Fulton traveled to New York with several thousand dollars, met secretly with his handlers, arranged the purchase, and returned to Northern Ireland, ready to create a deadly new weapon. The IRA embraced the innovation, and it worked so well that other terrorist groups soon took notice and adapted the infrared photo-sensor bomb to their own wars. Today, Iraqi insurgents wield it against British and American troops in Iraq.
The British and American strategy—tracking insurgents by abetting them—seemed to follow a convoluted logic: that of a fighter who, trying to zero in on his opponent, waits for a few good shots to the nose. When Fulton traveled to New York with his handlers, he provided valuable inside information about the IRA’s new tactics. But as each such step offered insight, it demanded another step, and another. The information came at a high price.
In Newry, for instance, not long before Fulton’s trip to New York, a policewoman named Colleen McMurray and her colleague, Paul Slaine, were driving past the canal that runs through the center of town. Across the water, an IRA man triggered a flash unit, and a hidden rocket—called a “doodlebug”—burst from the grill of a car he had planted. It slammed into McMurray’s car, injuring Slaine—he lost both legs in the attack—and killing McMurray on the spot.
As Fulton and I surveyed the bloody plain of his career, he said that McMurray’s death was the only one he truly regretted. I asked why, and his hands traced the universal hourglass symbol for “woman.” It seemed almost as though he didn’t want to say it aloud: he had constructed a moral code as a bomber and spy, some unspoken list of atrocities he refused to commit, and apparently it included killing a woman.
Other people paid a price, too. Consider the case of Eoin Morley, a member of Fulton’s bomb squad. After six years as a low-level IRA man, Morley quit and turned away from the IRA. Maybe he did it for the love of his girlfriend, and for her tiny children from a previous relationship. Maybe he did it because of an intra-IRA dispute. Maybe he did it because he already felt old at twenty-two.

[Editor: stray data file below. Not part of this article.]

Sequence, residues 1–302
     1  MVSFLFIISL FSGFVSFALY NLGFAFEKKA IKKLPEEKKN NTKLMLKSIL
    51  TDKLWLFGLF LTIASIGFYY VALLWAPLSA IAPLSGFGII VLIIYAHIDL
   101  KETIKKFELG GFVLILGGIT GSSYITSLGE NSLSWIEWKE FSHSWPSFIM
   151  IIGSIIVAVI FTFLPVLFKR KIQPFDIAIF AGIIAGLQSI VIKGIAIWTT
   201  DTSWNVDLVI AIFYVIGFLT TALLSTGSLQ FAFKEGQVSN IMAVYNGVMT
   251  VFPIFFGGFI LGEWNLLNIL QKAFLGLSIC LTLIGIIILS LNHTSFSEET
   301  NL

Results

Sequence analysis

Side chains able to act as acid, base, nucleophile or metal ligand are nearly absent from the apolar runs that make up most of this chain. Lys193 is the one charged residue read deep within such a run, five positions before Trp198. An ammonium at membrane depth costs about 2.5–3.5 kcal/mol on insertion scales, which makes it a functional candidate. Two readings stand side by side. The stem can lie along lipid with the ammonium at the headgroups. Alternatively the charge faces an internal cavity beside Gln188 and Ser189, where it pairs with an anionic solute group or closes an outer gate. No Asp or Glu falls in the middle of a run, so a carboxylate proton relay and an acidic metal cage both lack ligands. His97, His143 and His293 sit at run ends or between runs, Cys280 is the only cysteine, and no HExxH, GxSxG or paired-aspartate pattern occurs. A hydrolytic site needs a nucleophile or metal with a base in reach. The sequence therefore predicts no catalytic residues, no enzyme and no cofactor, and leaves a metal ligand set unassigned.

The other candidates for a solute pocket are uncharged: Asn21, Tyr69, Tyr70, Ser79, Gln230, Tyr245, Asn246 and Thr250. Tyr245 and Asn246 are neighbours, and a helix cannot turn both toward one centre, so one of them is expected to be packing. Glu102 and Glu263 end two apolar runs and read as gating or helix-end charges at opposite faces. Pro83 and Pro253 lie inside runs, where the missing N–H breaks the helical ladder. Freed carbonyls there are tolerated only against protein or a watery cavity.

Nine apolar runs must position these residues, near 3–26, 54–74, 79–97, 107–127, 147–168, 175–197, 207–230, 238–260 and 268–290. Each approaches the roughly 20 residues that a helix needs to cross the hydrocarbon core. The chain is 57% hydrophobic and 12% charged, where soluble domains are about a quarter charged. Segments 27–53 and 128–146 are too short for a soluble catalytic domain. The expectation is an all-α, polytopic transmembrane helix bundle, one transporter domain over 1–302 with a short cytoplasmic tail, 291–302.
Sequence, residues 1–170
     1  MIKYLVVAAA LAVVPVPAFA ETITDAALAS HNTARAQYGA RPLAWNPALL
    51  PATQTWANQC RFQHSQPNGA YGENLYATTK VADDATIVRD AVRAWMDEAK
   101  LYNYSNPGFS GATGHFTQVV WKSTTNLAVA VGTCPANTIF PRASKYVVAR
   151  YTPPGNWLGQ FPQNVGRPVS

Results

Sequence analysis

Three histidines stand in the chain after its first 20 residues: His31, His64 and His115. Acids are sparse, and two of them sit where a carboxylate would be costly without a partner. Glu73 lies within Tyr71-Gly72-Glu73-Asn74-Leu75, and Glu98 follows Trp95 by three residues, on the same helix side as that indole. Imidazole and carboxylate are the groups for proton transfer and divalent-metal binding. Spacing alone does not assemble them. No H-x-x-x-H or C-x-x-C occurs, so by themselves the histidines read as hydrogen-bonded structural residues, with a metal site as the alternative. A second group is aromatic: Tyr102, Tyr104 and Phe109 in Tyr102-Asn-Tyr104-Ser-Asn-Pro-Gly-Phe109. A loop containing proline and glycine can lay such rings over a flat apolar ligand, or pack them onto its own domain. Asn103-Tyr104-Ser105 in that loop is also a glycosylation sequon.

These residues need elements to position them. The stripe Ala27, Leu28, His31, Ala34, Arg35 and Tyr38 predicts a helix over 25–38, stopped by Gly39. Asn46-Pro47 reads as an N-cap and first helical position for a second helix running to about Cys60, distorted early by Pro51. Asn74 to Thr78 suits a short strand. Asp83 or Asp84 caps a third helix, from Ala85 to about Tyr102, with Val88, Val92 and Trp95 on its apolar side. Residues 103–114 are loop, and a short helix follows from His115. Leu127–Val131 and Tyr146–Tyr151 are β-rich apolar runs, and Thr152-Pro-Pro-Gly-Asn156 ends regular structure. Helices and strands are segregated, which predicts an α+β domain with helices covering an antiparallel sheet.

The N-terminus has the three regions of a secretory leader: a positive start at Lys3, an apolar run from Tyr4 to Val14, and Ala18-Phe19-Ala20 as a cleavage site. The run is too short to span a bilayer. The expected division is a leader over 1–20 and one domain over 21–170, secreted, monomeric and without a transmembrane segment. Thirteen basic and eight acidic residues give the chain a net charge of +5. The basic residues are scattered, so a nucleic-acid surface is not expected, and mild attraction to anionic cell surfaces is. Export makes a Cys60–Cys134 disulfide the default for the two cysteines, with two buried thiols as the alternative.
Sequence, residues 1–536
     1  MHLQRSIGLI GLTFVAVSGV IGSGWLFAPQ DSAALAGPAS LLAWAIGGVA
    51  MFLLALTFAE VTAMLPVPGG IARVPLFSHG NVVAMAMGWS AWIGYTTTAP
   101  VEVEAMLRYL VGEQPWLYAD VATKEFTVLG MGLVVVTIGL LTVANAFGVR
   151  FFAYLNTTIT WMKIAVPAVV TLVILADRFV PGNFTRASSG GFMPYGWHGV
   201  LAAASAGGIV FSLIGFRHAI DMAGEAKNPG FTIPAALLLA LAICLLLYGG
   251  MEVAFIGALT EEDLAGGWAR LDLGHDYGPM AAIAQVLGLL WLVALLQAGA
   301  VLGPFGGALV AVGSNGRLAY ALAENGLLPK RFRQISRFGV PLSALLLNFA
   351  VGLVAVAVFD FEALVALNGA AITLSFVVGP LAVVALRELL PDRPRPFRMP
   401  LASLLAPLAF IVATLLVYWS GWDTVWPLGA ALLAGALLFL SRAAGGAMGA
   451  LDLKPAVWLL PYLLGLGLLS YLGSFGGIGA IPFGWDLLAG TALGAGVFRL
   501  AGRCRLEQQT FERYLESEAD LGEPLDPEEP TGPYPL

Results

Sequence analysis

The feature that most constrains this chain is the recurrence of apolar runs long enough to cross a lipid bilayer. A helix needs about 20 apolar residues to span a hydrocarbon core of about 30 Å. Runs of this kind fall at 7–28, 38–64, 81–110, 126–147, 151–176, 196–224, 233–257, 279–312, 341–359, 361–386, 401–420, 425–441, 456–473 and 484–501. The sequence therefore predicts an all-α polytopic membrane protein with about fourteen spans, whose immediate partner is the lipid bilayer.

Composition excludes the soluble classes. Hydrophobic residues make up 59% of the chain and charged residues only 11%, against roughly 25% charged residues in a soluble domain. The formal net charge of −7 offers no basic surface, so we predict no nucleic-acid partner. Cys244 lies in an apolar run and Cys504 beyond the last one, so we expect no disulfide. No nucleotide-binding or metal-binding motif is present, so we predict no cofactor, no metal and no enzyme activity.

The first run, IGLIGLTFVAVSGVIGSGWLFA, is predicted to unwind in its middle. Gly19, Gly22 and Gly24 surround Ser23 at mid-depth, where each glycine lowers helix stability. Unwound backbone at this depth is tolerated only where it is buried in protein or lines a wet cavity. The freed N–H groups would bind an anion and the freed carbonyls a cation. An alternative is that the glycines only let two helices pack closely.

That Easter Sunday night, Morley and his girlfriend put the children to bed and then turned their attention to a sink full of dishes. She washed, he dried. Someone knocked at the door. His girlfriend dried her hands, crossed the room, and opened the door. Two armed, masked men burst past her and grabbed Morley. They dragged him out into the garden and forced him to lie down. One of the masked men—Fulton, sources say—raised a high-powered assault rifle and shot Morley twice. The first bullet entered the back of his left thigh. Automatic rifles tend to rise as they’re fired; the second bullet thumped into Morley’s lower back.
As quickly as they had arrived, the men disappeared.
An ambulance took Morley to the hospital. His mother, Eilish, having gotten word of the incident, arrived soon after. Shootings were a way of life in Northern Ireland, and she expected him to rise from his bed and walk out—just like his relatives, just like his friends, just like Lazarus. But then a nurse burst into the waiting room and said, “Would you come quickly?”
Eilish moved to the door of the surgery theater, but someone stopped her at a red line painted on the floor. She wasn’t sterilized and might infect the patient. Her son lay on a table in the center of the room. A doctor approached and said, “We couldn’t save him. It’s only a matter of minutes.” She suspects now that the doctor kept her behind the line not because of infection but to spare her the sight of her son’s body laid bare, bristling with instruments, tubes, wires.
Eilish told me this sitting in her living room, and throughout the story she stared at a spot on the floor just in front of her feet. Her voice strained. “I can see it here—a red line,” she said. She moved her hand in the air just before her knees, as though tousling a small boy’s hair. “I had to stand at that red line, and he died … it probably took five minutes, but to me it was five hours … I wasn’t allowed over the red line.”
She sat there for a long time after saying this, tousling an invisible boy’s hair and staring at a nonexistent red line. At that moment, both seemed more real than anything else in Northern Ireland.
"I know what yer done, boyo.”
In the Belfast safe house, in 1994, Scappaticci continued to grill Fulton. The interrogation centered on something about a van. A phone. An assassination.